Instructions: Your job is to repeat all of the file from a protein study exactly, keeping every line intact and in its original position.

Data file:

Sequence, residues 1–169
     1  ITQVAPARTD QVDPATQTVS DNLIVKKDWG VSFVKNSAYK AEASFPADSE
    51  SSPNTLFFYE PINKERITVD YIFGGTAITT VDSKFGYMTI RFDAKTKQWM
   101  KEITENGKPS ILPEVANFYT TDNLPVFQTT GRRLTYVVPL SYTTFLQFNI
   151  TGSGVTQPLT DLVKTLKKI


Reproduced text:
Sequence, residues 1–169
     1  ITQVAPARTD QVDPATQTVS DNLIVKKDWG VSFVKNSAYK AEASFPADSE
    51  SSPNTLFFYE PINKERITVD YIFGGTAITT VDSKFGYMTI RFDAKTKQWM
   101  KEITENGKPS ILPEVANFYT TDNLPVFQTT GRRLTYVVPL SYTTFLQFNI
   151  TGSGVTQPLT DLVKTLKKI